The fishery blamed for the outbreak of food poisoning at Heston Blumenthal's Fat Duck in 2009 has developed a system which it says can now guarantee norovirus-free oysters.
Colchester Oyster Fishery believes its Pyfleet Pure method is a world first, in that the process can guarantee oysters can be sold to operators without any trace of the common stomach bug.
"In 2013 I spent three months going through all the literature on norovirus and oysters and it became clear to me there was a way of removing the norovirus from the oyster," Woodage explained. "That needed to be tested so I contacted Colchester Oyster Fisheries who have been supportive of my experiments."
He spent six months taking oysters, infecting them, and using various techniques to remove any traces of norovirus. His research has been supported by government laboratories and Public Health England and is verified by a UKAS accredited laboratory.
The final method is a closely guarded secret, but it is a natural process that triggers the oyster to remove any norovirus without any impact on the quality of the bivalve.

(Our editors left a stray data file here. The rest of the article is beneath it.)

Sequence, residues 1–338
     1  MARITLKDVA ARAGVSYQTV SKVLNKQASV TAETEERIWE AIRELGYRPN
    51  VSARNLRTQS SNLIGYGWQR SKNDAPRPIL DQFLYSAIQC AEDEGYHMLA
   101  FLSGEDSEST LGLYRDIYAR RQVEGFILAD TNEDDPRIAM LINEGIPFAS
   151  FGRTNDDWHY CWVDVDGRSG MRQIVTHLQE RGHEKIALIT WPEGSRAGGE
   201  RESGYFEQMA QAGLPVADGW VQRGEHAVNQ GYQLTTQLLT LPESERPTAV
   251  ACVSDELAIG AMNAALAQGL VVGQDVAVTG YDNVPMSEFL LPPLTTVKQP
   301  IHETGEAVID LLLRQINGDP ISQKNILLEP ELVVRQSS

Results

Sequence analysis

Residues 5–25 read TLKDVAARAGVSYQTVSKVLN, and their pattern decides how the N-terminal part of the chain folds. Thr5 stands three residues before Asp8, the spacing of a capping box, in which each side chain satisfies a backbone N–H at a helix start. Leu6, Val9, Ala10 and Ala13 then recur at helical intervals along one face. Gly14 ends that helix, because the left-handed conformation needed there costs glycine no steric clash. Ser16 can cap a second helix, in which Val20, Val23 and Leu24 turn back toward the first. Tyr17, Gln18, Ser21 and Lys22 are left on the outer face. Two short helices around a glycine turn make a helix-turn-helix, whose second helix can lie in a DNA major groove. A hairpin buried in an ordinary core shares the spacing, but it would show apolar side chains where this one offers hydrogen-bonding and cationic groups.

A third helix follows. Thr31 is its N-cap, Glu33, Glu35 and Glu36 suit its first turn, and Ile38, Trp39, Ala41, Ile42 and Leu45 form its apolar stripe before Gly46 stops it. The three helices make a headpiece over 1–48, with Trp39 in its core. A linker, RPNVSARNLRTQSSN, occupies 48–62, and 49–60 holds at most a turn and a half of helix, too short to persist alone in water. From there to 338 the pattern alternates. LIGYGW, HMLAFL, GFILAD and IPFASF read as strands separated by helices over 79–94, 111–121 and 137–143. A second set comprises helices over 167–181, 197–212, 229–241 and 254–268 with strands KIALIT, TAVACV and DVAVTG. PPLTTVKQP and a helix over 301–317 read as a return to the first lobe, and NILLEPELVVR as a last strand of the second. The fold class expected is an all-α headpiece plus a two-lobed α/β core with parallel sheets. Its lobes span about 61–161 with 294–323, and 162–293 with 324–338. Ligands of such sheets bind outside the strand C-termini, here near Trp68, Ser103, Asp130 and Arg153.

Colchester Oyster Fishery managing director Paul Harding said: "We've taken the worst oyster you could ever find out there and doubled the rate of norovirus, and our system will still clear it."
The system adds an extra four or five days to the depuration process, but will not affect the freshness of the oysters since they are alive and in sea water the entire time.
Harding said that the fishery had been supplying the Pyfleet Pure oysters to operators for the past six months as it has been proving the concept.
He said: "The system is proven, the EHOs are behind it and there is the certificate to prove we've tested the system. We don't need to but we'll carry on testing every single batch so that if any restaurateur has a problem they can prove a guest wasn't made ill from an oyster."
The Pyfleet Pure proccess will carry a 10p premium per oyster, taking the cost to around 65-70p for operators.
The Pyefleet Pure process
If contaminated oysters are moved into uncontaminated sea water, the amount of norovirus in their tissues gradually decreases.
"Oysters are able to thrive even in contaminated sea water and have evolved a natural biological mechanism to remove contaminants, including norovirus, from their tissues," Woodage said. "My research identified how this biological mechanism works and the new purification process provides the optimum environment for it to take place."
The system quickly removes any norovirus that has been accumulated by the oyster without the oyster even being aware that this is happening. It adds around four days to the depuration process, taking oysters to six or seven days of processing before distribution.